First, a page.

The 2013 fiscal year Baldwin County budget was officially adopted Tuesday evening. The Baldwin County Commissioners agreed on a prepared, balanced budget of nearly $18.5 million.
After the public budget hearing Nov. 20, the staff continued to review line items though no changes were requested, according to County Finance Director Linda Zarkowsky.
The current year 8.78 millage rate remains unchanged.
“Based on current trends, the tax assessor expects that further decreases in property values will be seen in the 2013 digest,” Zarkowsy said. “In that case, there will be a shortfall in the budget.”
Commissioner Bubba Williams, District 5, recommended a back up plan to prevent a future tax increase.
“I would recommend a Plan B other than raising the millage rate, and that would be a contingency plan to cut budgets,” Williams. “I would suggest our department heads have these contingency budget cuts prepared. That way if we don't have the money, they will be ready to go.”
Zarkowsky said the biggest budget expenditure is personal services, which is the focus of most county budget cuts. For example, Public Works employees dropped from 60 to a current workforce of 19 over the years.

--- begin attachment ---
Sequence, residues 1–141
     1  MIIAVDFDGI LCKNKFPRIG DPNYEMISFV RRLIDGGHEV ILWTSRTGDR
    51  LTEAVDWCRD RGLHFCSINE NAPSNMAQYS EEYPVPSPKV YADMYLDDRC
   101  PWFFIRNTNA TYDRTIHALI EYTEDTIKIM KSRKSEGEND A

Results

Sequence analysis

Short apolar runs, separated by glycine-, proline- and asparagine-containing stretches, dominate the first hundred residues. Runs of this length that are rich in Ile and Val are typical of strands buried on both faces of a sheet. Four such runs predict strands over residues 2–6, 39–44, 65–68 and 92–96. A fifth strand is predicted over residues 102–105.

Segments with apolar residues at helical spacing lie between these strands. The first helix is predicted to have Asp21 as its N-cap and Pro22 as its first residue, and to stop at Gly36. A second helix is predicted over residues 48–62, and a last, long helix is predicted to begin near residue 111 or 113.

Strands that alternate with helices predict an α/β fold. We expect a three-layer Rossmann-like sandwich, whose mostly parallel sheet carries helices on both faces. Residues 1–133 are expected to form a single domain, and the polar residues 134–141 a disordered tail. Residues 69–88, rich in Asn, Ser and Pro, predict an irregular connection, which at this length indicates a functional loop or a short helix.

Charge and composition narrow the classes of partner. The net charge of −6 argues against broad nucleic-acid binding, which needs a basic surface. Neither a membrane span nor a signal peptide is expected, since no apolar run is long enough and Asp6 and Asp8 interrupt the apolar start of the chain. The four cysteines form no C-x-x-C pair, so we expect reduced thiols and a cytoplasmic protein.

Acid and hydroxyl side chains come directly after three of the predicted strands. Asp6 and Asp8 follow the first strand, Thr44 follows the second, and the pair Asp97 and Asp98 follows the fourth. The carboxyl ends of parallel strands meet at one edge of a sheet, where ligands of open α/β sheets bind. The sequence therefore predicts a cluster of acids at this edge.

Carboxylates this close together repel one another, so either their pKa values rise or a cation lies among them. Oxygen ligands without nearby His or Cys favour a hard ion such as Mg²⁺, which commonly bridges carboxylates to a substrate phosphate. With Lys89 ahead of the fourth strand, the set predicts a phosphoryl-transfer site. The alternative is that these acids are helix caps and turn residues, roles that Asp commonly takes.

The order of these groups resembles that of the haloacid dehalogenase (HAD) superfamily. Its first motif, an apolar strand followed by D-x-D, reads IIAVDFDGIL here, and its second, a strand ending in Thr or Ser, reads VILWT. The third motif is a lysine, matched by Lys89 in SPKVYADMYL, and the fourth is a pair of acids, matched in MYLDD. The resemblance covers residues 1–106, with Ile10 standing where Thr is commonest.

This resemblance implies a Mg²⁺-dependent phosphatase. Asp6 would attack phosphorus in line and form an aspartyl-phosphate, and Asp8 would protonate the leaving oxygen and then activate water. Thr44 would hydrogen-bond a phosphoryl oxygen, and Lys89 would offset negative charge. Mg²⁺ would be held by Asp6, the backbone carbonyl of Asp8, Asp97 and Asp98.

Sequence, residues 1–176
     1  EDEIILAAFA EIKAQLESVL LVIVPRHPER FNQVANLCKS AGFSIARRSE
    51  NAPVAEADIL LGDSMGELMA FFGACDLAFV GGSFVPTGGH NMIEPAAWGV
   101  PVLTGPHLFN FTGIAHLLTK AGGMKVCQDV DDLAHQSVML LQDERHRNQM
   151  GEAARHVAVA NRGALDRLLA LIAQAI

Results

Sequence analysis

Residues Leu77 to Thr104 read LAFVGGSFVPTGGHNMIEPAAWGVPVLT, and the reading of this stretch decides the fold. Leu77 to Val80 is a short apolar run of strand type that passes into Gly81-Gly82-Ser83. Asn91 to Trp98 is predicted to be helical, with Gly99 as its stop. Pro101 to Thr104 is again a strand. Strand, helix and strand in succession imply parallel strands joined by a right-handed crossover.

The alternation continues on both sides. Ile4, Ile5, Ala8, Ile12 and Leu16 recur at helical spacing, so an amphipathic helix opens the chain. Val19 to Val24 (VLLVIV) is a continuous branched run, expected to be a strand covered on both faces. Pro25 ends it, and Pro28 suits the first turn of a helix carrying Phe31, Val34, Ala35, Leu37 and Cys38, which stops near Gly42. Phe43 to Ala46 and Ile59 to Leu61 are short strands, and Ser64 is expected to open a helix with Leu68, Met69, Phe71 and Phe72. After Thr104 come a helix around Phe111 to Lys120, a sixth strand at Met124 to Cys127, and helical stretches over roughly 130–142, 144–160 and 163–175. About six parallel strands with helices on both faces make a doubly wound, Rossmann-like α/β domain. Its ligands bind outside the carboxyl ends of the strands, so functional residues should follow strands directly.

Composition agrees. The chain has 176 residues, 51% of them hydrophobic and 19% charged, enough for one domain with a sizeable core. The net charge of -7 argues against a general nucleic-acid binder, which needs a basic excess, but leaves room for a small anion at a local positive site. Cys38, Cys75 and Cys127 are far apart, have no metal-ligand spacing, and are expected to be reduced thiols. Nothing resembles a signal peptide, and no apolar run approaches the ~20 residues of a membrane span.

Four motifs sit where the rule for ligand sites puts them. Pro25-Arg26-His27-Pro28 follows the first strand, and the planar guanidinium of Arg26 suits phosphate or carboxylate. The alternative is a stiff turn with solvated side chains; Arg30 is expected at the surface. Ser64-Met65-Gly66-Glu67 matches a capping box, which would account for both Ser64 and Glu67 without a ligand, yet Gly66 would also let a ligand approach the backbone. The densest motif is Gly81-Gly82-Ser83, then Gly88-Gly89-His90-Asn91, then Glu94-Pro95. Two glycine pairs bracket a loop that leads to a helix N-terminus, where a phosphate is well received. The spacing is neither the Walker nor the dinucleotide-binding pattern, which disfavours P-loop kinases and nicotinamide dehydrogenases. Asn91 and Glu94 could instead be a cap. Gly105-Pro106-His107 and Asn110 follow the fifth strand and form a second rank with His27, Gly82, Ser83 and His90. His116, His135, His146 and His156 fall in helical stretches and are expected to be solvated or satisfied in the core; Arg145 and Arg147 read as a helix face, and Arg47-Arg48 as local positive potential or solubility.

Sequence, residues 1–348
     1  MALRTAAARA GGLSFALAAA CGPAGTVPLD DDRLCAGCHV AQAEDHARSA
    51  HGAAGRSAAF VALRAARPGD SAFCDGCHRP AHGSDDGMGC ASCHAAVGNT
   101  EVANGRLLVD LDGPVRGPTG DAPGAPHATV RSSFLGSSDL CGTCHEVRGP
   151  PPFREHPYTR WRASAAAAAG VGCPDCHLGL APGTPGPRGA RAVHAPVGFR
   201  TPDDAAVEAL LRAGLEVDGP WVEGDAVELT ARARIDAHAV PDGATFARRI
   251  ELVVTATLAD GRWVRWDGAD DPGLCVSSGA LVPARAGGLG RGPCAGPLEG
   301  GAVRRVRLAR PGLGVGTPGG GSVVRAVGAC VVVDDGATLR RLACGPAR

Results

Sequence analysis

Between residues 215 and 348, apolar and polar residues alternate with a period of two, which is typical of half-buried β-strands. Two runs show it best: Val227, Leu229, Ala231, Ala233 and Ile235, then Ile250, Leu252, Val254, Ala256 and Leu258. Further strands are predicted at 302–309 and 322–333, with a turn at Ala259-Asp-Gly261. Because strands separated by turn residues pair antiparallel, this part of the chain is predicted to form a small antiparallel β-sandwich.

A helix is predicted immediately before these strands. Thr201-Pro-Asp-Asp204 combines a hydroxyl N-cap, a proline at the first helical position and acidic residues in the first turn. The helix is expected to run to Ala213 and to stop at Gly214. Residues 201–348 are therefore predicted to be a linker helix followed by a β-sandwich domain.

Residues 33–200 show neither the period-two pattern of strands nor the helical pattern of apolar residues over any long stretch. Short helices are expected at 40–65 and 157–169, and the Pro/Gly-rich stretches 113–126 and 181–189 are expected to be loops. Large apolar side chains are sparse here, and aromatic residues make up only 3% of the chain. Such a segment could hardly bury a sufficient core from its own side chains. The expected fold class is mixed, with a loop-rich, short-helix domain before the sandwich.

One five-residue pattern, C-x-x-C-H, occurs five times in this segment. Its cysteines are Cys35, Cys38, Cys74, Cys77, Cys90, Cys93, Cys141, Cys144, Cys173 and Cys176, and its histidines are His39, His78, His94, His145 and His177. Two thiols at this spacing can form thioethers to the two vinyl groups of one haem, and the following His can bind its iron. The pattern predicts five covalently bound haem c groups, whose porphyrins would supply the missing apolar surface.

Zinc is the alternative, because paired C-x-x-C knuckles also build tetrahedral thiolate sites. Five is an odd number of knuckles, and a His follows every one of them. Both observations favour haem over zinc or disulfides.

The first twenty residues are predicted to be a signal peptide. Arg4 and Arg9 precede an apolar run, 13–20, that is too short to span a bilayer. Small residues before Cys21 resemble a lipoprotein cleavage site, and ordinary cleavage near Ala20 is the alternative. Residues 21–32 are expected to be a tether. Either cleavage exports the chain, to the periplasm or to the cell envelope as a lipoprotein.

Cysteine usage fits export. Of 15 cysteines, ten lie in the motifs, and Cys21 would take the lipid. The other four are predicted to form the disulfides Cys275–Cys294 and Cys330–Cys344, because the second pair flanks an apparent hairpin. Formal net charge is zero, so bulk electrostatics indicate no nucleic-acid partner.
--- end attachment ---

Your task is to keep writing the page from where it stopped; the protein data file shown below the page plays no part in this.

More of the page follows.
Commissioner Sammy Hall, District 3, said the county should watch spending and prepare adequately before a slow digest repressing drastic tax changes.
Central State Hospital Local Redevelopment Authority (CSHLRA) Executive Director Mike Couch briefed the commissioners on progress since the authority's inception last February. Couch requested the county's input on the effort.
“We can't accomplish this project without partnerships at the local, state and federal levels,” Couch said.
The CSHLRA continues to work with Georgia College's new president Dr. Steve Dorman. Couch said education drives Baldwin County.
“We are talking about $400 million of investment in this zip code,” the CSHLRA director said.
Job creation is the main goal at CSH. Others include leveraging local education assets, pursuing federal funding and creating a master plan for the development of the 1,900-acre campus.